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!DVISORY$ESK
AD 286
PreIoaded BoIts: The Net Effect of AppIied Tension and PreIoad
Although the fundauental issues relating to the
effect of applied tension and preload on bolts
were covered in Aü 181, which deals with preload
due to tightening on ordinary (non-preloaded)
bolts, we continue to receive uany questions
concerning this effect for preloaded bolts. This
Advisory üesk Note explains why the bolt load in
preloaded bolted steelwork connections, when
subjected to applied tension, is oot the suu of the
preload (F) and the applied tension (T).
When preloaded bolts are tightened or
torqued, considerable tension is induced into the
shank of the bolt. This tension in the bolt is called
the preload, F, and claups the plies together in
coupression
as shown in
Figure 1.
ln preloaded
bolts the
preload in
the shank is
balanced by
coupression
under the
head and nut
of the bolt,
which induces
the required
coupression
or pressure on the faying surfaces for non-
slip joints. The equilibriuu of the couponents
(separated for clarity) before the application
of the applied tension T is shown in Figure 2.
Each couponent has a force F and an equal and
opposite reaction F. Therefore, everything is in
equilibriuu.
When tension is applied to a connection
couponent as a result of axial load or uouent,
designers often refer to the calculated 'bolt
load' or 'bolt tension'. however, in steelwork
connections the applied tension does not act
directly on the bolt but instead acts on the plies or
plates in the joint. ln non-preloaded bolted joints
the tension is then transferred to the bolt frou the
plies. ln preloaded bolted joints the load path is
different.
All the couponents are in equilibriuu and the
load in the bolt is still F. The applied tension only
reduces the intensity of pressure on the faying
surface frou F to (F-T) and the equilibriuu of the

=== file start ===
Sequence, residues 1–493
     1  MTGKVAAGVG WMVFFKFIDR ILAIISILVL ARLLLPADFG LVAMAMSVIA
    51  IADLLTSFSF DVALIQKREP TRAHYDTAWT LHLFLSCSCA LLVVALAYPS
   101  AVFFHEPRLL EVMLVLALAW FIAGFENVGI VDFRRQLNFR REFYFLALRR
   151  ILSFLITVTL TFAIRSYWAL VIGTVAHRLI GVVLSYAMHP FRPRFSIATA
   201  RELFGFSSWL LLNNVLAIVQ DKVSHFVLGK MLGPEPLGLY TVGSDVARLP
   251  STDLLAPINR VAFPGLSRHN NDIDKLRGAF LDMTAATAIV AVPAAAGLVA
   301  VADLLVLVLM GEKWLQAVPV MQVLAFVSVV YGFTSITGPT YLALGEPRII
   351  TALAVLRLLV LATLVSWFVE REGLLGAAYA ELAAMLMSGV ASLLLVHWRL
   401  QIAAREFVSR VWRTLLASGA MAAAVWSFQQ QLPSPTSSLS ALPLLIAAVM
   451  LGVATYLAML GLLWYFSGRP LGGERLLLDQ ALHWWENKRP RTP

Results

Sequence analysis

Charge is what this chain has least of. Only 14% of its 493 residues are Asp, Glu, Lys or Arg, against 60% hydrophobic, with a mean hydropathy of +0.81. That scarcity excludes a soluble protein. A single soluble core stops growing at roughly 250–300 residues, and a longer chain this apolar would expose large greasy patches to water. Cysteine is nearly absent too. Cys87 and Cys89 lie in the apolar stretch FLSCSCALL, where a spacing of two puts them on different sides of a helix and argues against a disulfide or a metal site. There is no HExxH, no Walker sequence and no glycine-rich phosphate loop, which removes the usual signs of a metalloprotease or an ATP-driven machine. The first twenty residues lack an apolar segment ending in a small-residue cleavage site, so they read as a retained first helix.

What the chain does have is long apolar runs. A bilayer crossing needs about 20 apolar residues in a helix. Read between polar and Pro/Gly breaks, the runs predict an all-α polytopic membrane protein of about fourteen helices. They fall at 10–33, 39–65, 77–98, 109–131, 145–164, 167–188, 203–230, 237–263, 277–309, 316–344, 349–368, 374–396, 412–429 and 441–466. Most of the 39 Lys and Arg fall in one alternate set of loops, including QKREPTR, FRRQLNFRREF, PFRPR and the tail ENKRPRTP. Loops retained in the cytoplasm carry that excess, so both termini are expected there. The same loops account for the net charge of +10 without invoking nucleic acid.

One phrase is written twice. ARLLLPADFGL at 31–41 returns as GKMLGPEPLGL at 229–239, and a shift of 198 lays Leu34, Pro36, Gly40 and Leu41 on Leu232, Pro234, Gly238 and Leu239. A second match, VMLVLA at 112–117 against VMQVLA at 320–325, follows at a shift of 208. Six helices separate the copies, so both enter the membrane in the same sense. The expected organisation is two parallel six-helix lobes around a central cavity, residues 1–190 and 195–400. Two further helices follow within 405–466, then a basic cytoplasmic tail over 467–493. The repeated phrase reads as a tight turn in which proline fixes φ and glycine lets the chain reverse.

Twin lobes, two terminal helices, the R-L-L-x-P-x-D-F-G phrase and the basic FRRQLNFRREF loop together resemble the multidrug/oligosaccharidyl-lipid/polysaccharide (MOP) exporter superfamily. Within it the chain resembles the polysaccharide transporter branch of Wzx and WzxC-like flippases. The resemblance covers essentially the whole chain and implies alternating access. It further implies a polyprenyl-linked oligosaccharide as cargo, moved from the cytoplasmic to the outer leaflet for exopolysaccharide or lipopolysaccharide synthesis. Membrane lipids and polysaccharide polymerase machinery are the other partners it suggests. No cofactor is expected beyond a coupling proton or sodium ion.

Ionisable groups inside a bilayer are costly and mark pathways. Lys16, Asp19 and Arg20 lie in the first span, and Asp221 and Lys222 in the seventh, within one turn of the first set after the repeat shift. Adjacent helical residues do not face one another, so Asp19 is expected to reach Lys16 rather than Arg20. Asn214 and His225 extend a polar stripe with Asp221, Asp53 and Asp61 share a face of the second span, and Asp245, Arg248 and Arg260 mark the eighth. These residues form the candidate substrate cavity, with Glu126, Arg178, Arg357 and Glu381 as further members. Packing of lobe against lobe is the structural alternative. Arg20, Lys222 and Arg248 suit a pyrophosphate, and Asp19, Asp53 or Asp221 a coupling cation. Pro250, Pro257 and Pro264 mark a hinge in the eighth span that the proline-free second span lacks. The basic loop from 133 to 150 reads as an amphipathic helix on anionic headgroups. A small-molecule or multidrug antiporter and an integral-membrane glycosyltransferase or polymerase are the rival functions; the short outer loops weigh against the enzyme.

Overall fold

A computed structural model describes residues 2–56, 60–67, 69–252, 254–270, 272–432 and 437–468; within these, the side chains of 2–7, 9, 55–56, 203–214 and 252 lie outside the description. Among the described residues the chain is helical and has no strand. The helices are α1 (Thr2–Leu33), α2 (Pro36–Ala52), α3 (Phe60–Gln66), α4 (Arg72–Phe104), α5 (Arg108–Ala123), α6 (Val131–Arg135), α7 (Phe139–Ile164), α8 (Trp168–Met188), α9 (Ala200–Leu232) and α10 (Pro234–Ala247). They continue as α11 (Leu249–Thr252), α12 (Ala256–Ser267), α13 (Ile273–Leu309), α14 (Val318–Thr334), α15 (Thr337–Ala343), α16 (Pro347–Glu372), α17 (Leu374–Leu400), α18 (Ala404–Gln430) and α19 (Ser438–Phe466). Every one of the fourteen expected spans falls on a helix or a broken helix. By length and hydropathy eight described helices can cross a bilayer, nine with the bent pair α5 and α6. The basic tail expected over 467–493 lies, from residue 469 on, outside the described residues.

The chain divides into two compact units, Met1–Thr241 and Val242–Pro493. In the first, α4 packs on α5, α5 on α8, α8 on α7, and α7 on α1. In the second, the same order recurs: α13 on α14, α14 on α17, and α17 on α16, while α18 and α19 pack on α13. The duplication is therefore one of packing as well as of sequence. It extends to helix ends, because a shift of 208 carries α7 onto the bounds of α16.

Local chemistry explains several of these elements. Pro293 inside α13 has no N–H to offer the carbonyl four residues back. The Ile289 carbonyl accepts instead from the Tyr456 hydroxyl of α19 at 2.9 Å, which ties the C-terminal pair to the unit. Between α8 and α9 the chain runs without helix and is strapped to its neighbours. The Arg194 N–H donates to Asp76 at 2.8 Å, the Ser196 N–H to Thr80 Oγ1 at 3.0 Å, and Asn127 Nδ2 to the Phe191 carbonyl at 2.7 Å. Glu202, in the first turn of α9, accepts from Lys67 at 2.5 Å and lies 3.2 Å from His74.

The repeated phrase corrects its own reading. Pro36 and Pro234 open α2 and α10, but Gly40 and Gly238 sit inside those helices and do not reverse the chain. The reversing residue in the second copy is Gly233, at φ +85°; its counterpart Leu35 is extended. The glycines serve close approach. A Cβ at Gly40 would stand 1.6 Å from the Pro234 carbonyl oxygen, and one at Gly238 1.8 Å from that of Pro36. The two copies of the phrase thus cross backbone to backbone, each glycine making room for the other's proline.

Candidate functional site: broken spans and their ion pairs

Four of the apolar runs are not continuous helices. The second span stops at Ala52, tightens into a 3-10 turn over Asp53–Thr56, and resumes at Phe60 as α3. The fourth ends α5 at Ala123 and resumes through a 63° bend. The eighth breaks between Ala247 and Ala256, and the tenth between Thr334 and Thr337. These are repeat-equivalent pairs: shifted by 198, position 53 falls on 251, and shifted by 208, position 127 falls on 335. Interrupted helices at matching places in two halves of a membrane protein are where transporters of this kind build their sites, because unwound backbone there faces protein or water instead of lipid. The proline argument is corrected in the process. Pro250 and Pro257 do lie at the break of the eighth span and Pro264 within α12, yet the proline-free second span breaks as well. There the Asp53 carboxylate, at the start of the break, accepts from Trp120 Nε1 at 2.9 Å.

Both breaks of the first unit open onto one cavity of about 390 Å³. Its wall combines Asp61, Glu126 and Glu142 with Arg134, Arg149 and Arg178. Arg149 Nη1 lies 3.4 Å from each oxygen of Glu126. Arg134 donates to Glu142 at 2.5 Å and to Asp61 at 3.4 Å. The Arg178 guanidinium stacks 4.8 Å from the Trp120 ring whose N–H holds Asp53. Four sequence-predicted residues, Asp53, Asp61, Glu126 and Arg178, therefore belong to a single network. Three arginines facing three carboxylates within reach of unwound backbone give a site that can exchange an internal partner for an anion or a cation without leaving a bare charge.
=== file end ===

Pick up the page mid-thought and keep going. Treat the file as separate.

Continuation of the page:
ply is T ÷ (F-T) = F. The bolt load reuains F and is
not the suu of F÷T.
Frou the equation of equilibriuu for the ply, if
the applied tension equals the preload, F-T is tero
and the plies are on the point of separation but
the bolt load is still equal to F.
lf T is greater than F the bolt will have
stretched and the plates have separated, the
bolt load is then equal to T. At this stage the
connection is behaving as a non-preloaded
bolted joint. The bolt load cannot increase above
the preload F unless the bolt stretches and the
bolt cannot stretch until the plies separate. ln
general, there is no increase in the bolt load
unless the applied tension exceeds the preload.
A siuilar analysis can be carried out assuuing
the applied tension acts at the external face of
the plies and that the plies are not rigid. ln this
case the plies and the bolt stretch slightly, due to
the load applied at the outer face, but because
the stiffness of the plies is uuch greater than that
of the bolt, the strain and the increase in the bolt
load above the value of the preload F will be very
suall. however, again, the uain point to note is
that the bolt load is oot siuply the suu of F÷T.
Note that the value of T applied at the bolt
position uust include any value for prying action,
where it occurs. Frying is a couplex subject and
depends on uany variables including the bolt and
ply diuensions as well as the layout of the joint.
lf a designer engineer requires greater
understanding of these issues they are referred
in the hrst instance to the article by F. J. 0ill
- Notes on the Load Carrying Characteristics
of Fre-Tensioned ßolts. Tensioned Joints - that
appeared in the Froceedings of the Jubilee
Syuposiuu on high Strength ßolts, The lnstitution
of Structural Engineers, 1959. This Advisory üesk
Note has drawn heavily frou this article.
6ootact. Thouas Cosgrove
EæaiI. t.cosgrove@steel-sci.cou
IeIephooe. 01311 ë23315
Figure 1 - Freloaded bolt arrangeuent
Figure 1 - Equilibriuu of couponents after
application of applied tension, T
Figure 2 - Equilibriuu of couponents before
application of applied tension, T
Figure 3 - Applied tension acting at the faying
surface of a preloaded joint

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